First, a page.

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Pillar - KENYA LITTLE FARM NAKURA - Filter roast

Regular price $21.45

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Kenya 
Little Farm Nakura
1600-1700masl
SL24, SL34 & Ruiru 11
Washed


Orange, fruit cake, and spice.

Little Farm is situated in Rongai village within Nakuru County, Kenya. The name 'Nakura' is derived from the Maasai word Nakurro, which means "a place of dust storms" or "dusty place", referring to the swirling whirlwinds that engulf everything in the rich red dust from the scrub lands that surround Lake Nakuru. 

Founded in the 1990s, Little Farm has grown over the years and covers about 20.28 hectares producing approximately 400 metric tons of coffee cherry annually. The deep red soil is rich in organic matter and essential minerals, with the area receiving around 1,100-1,300 mm of rainfall each year. When water is scarce, Little Farm is resilient and is equipped with dams and boreholes, which the farm can use in dry spells to irrigate and continue operation. 

Cherry Picking and Sorting: Things typically happen quickly in Kenya with picking and the commencement of processing taking place on the same day. Cherries are selectively picked at their ripest in the morning, then spread out on patios in the afternoon light. Here any under or over-ripe cherries, as well as leaves and twigs are removed.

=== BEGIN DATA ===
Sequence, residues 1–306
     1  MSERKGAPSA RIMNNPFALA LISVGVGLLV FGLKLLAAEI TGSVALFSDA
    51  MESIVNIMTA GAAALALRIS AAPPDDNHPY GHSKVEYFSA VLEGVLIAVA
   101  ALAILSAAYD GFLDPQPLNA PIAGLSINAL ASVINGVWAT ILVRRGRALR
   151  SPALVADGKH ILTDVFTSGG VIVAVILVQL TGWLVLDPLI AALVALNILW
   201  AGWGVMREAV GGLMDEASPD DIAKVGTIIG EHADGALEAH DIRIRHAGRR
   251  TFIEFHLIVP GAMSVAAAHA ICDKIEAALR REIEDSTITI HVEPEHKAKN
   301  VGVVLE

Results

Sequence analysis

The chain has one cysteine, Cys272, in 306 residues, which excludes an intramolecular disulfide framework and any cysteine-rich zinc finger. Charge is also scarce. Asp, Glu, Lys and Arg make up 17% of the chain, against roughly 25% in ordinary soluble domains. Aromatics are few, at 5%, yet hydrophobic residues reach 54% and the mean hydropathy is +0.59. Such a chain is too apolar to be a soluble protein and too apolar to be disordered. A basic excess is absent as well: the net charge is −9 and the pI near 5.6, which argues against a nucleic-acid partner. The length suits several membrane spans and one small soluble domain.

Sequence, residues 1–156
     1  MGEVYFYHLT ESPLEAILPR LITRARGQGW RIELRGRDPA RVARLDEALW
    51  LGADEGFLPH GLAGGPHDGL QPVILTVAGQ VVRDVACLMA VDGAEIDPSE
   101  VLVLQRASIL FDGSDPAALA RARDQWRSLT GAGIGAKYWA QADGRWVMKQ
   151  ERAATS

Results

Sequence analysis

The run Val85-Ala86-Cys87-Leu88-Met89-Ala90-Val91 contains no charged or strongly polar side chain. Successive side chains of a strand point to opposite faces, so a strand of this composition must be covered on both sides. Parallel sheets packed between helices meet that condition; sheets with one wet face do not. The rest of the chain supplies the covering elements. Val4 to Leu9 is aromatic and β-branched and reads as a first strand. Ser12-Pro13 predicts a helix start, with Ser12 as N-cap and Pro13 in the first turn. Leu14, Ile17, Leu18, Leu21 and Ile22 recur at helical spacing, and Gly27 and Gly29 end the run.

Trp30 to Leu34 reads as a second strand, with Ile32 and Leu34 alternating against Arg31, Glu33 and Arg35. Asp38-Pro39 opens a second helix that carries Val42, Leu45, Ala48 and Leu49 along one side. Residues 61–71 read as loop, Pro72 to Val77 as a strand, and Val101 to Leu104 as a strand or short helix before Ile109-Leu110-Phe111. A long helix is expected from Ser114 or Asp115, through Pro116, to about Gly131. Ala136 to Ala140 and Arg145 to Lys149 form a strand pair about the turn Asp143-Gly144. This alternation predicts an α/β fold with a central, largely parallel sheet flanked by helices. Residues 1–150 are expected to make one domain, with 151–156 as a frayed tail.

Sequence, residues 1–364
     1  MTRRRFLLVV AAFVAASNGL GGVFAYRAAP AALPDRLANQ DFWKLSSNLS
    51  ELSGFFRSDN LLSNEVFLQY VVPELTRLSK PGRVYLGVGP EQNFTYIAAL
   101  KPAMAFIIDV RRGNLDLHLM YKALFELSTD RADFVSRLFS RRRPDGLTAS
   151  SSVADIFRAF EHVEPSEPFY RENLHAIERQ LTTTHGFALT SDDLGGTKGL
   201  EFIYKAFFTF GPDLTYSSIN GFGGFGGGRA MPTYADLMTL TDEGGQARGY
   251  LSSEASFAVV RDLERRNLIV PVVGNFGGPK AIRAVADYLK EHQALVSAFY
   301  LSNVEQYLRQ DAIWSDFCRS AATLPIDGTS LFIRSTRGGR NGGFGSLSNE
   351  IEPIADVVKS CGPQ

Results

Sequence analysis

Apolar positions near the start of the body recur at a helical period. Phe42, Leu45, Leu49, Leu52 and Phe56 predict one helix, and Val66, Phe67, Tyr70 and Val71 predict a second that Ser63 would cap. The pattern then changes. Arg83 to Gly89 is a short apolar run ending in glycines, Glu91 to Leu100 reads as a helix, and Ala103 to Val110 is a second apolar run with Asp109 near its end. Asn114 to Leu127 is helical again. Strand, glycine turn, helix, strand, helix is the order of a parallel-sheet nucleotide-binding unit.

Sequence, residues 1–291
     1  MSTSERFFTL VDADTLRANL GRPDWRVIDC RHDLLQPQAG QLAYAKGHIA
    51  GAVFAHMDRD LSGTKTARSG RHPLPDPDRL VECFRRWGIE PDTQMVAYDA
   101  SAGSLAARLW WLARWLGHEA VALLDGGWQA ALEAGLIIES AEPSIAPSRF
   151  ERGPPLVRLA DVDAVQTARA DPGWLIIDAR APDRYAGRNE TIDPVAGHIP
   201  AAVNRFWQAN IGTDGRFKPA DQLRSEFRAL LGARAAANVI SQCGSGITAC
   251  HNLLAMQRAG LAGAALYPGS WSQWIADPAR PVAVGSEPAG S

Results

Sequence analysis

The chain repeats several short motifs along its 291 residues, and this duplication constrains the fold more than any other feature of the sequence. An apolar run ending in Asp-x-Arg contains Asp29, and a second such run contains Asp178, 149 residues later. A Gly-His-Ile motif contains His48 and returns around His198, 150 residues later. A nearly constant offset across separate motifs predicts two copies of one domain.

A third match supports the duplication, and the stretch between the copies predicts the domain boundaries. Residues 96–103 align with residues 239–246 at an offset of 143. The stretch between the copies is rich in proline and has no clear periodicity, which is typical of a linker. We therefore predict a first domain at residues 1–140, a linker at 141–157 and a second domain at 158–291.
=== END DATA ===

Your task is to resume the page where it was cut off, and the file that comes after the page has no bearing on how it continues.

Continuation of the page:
Pulping: The sorted cherries are funnelled into a hopper at the pulping station, where clean water is poured over them funneling them down through a polished chute into the pulping house, where two rotating abrasive slabs remove the outer fruit.

Fermentation and Washing: The now exposed coffee seed then falls into a water channel, where floating beans are skimmed off, and denser beans sink into fermentation tanks. After spending the night in these tanks, the beans are checked to see if the sticky sweet mucilage has broken down enough to move onto the next stage. Once approved by the wet mill manager, the beans are thoroughly washed.

The washed beans gently move through tilled washing channels, where they are repeatedly pushed back to the top by hand using wooden shunts. This process separates the denser beans from the lighter ones, with the denser, higher-quality beans moving more slowly down the gently flowing channel.

Drying: The beans are then sun-dried on raised tables under careful supervision and covered if it rains or if the sun is too intense. The coffee is regularly checked for moisture content and once it achieves its target level of 10-12%, is bagged up for transport to the dry mill.